Covid-19 has triggered a new era of digital diplomacy the world over. It has emerged as one of the tools in the furtherance of foreign policy, and is also referred to as e-diplomacy, cyber diplomacy, diplomacy 2.0 and twiplomacy.
On receiving the first telegraph message in the 1880s, then British foreign secretary Lord Palmerston said, “My God, this is the end of diplomacy”. Harold Nicolson, in his writings, laments that telephone was initially perceived as a ‘dangerous little instrument’ to convey information.
Digital diplomacy does not signify the end of diplomacy, rather it is re-discovery of diplomacy. Perhaps for the first time since the 17th century, because of the coronavirus, diplomats can engage/negotiate without necessarily meeting face-to-face.
Digital diplomacy is now perceived as a medium of public diplomacy and involves use of a variety of digital platforms and tools of communication for negotiations. Diplomacy is now emerging as a social institution. The use of digital media in the world of diplomacy is a fact of life as it provides spaces for more intense interaction and engagement.
We have seen how in countries like Egypt, Tunisia and Yemen, social media aided the Arab Spring movement. The US State Department today has an office of e-diplomacy with 150 full-time social media employees.
The pandemic has disrupted all diplomatic calendars. Even multilateral negotiations are now happening virtually. The next UN General Assembly session is likely to take place virtually for the first time. Many summit meetings like the extraordinary G-20 meeting, took place through various digital platforms.
For many, twitter has now become the channel of choice for digital diplomacy. Twitter as a crisis response mechanism has become a useful helpline for many distressed Indians stranded abroad. Late foreign minister Sushma Swaraj had launched Twitter Seva Service in 2016. Twitter can also be used for image enhancement as President Trump has so often done.
World leaders have even resorted to a war of words on twitter. Trump once tweeted about North Korean leader Kim Jong Un “North Korea has just launched another missile. Does this guy have anything better to do with his life?”
The role of the digital media in the world of diplomacy is critical. Before the Covid spread, digital media almost inevitably meant social media. Covid-19 however has created a scenario for countries around the world to seize the moment to pursue foreign policy through websites, blogs and a variety of social media platforms and beyond. Yet, there is much to learn about how digital diplomacy actually works. In fact, many universities are even introducing digital diplomacy courses.
Indian diplomacy went digital especially since 2010. Ambassador Navdeep Puri’s initiative in digitising the Ministry of External Affairs (MEA) is well-recognised. He headed the newly created Public Diplomacy Division within the MEA. During the civil war in Libya, this Division effectively used twitter to reach out to the large number of Indians who were evacuated at that point of time.
Indian diplomacy is clearly seeing a shift from physical conferencing to virtual conferencing. The advantage of digital platforms is that one can reach out in real time. Its effectiveness tends to be largely contextual.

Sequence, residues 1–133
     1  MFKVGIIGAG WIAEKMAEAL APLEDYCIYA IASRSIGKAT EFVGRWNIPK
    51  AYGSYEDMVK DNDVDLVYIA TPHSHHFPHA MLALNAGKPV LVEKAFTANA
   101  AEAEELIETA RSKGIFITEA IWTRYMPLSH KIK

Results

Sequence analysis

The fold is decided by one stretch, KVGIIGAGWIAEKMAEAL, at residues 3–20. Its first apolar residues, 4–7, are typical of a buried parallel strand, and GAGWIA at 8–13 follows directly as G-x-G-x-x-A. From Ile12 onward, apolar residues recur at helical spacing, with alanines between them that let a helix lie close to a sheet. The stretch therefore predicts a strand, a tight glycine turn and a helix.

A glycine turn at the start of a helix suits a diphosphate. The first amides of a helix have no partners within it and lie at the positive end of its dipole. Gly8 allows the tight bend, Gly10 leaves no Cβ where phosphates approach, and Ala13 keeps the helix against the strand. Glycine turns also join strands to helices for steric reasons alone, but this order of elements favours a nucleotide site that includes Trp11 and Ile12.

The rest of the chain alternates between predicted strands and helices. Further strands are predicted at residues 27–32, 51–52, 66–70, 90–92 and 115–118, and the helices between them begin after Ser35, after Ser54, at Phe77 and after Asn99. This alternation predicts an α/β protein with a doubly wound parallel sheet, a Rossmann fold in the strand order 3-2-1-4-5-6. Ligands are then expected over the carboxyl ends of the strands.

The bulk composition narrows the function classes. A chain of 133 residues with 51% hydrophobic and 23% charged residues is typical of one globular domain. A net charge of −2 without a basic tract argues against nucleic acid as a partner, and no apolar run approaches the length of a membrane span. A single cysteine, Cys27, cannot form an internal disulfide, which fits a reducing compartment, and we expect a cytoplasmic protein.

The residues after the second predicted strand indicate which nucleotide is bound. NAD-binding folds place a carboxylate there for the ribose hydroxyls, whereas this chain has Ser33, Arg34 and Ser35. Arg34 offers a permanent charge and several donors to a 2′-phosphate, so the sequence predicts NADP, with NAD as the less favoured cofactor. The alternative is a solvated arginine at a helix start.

Foreign Minister Jaishankar has had 65 virtual diplomatic engagements with his counterparts in other countries since the pandemic spread. Even MEA officials assert that virtual diplomacy will be the new norm. Present High Commissioner to Sri Lanka Gopal Bagley became the first diplomat to present his credentials virtually. Also, in a first for Rashtrapathi Bhavan, seven foreign diplomats presented their credentials to President Kovind via video-conferencing, signifying a significant leap in digital diplomacy.
Prime Minister Narendra Modi has called upon diplomats to shed old mindsets and embrace the new digital platforms. India needs to seize the moment. In the age of pandemics, India’s digital diplomacy has largely revolved around the following issues: offering consular assistance to Indians stranded abroad, fostering joint collaboration among scientists working on the vaccine to counter the virus and engaging other countries for medical equipment, ventilators and doctors’ protective gear.
Virtual meetings have become the dominant mode of diplomatic engagement now, according to Foreign Secretary Harsh Vardhan Shringla. For the first time, even a bilateral summit was held virtually between prime ministers of India and Australia. Countries have to work with each other rather than against one another, especially because of the link between digital diplomacy and the digital economy.
Digital diplomacy is not without risks like the possibility of information leak, hacking and maintaining the anonymity of internet users. Diplomats have to find new ways of collaborative engagement.
Covid-19 has disrupted almost all aspects of life. Diplomacy is no exception. Today, digital diplomacy has become the standard practice. It has not replaced traditional diplomacy but complements it and thereby rings in huge dividends. We see the integration of offline and online platforms and environments. Digital diplomacy is characterised by hybridity and breaks through the limitations of traditional diplomacy.
Indian diplomats have to effectively leverage the advantages of digital diplomacy. Today this has become the new normal in global diplomacy and India would have to fast adopt and adapt to these irreversible changes. Given the multiple challenges the coronavirus poses, high-level diplomacy will largely be conducted through virtual means. Digital diplomacy is fast emerging as the new normal and an arrow in the quiver. However, only time will tell whether it will become the norm in the long-term.
(The writer is Professor (retd) of Political Science and former Dean (Arts), Bangalore University, Bangalore)